And when we do burst forth, God turns to those who witness our exodus, and gruffly says, “Unbind them and let them go.”

“No God but Love,” (Sermon, October 31st 2021)

One of the scribes came near and heard them disputing with one another, and seeing that he answered them well, he asked him, ‘Which commandment is the first of all?’ 29Jesus answered, ‘The first is, “Hear, O Israel: the Lord our God, the Lord is one; 30you shall love the Lord your God with all your heart, and with all your soul, and with all your mind, and with all your strength.” 31The second is this, “You shall love your neighbour as yourself.” There is no other commandment greater than these.’ 32Then the scribe said to him, ‘You are right, Teacher; you have truly said that “he is one, and besides him there is no other”; 33and “to love him with all the heart, and with all the understanding, and with all the strength”, and “to love one’s neighbour as oneself”,—this is much more important than all whole burnt-offerings and sacrifices.’ 34When Jesus saw that he answered wisely, he said to him, ‘You are not far from the kingdom of God.’ After that no one dared to ask him any question.

Mark 12:28-34

On this day, one year ago, my husband and I went to visit our friends – the last time we were allowed to do so in person before we went back into lockdown. We always visit these friends on Halloween, because while we live in an apartment building, they live in a detached house, and we like to share their trick-or-treaters.

Mindful of COVID-19, our friends had meticulously constructed a candy zipline. At the top, on their front porch, we sat on their deck furniture with cocktails and a selection of pre-packaged bags of treats, topped with flickering LED rings and little hooks. Trick-or-treaters came to the foot of the stairs below and were instructed to stand next to a large inflatable ghost. When they were ready, the little bags were attached to the zipline, and sent down to them, and if you did it just right, they would land in the arms of the ghost, although occasionally they came in too hot and went flying into the bushes nearby. That’s what the flickering LED rings were for!

Treat bags ready for the zipline

The first trick-or-treater was their four-year-old neighbour – a mystic of the highest order. For when he received his treat bag and was prompted by his mother’s gentle, “What do we say?” he responded not with “Thank you” but a wordless shriek of pure delight.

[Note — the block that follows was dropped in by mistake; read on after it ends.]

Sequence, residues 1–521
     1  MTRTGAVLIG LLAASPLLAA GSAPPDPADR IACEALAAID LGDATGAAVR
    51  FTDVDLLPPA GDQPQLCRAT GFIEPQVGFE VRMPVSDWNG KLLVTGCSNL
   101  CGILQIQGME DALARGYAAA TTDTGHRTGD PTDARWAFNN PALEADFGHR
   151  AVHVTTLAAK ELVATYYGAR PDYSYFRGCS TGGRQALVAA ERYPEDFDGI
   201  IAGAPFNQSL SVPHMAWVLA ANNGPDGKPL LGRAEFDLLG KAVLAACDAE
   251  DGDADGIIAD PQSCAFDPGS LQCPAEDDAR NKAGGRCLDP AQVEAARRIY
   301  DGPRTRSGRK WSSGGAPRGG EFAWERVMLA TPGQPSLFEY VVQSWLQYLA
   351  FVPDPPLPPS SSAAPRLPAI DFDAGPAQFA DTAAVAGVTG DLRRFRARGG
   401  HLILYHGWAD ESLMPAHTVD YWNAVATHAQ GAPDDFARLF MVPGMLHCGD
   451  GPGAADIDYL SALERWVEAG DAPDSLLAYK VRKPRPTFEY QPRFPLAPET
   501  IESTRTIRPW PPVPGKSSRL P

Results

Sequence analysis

Yes, I thought, as we all bent in half with laughter. That is what we say. That is what we say when we realize that human beings, who can be so very innovative in cruelty, will also occasionally sit down together to plan and experiment and spare no expense to make sure that Halloween still works in a global pandemic, because we will be damned if children in our community have to miss such a magical night.

That is what we say at the beginning of life, when the relationship with the mystical is much simpler, because magic infuses every part of our lives and all things, both good and bad, are possible – from Santa to monsters under the bed. It’s only as we age that our minds and hearts fill up with words and rhetorical equations, and while in so many situations this is quite useful and fun and indeed very precious to God it also does not function to impress or flummox or fool the Beloved, who will love us no more or less for how poetic or intellectually adept we can be.

We are allowed, we are free, to be as children.

That’s why I love this prayer which my Sufi Muslim friends say: “La illahah illallah.” “There is no God but God.” God is our Source and our End, Alpha and Omega, Beloved and Lover, and many principalities and powers will attempt to jostle for position but nothing can replace God.

As the 12th century Persian poet Attar of Nishapur says,

“Look carefully!

This world, that world, are all God!  

There is nothing other than God,

and if there was, even that is also God!”  

“La illahah illallah.”

God is God, and God is Love. And if God is Love, then of course there is no God but Love, and that is the closest we adults can come to remembering the wisdom of children.

And oh wasn’t it wonderful to be so close, so intimate: welcoming children right up to our doorsteps, laughing barefaced across a table, singing shoulder to shoulder with those known and unknown to us, or being buried within one another’s arms?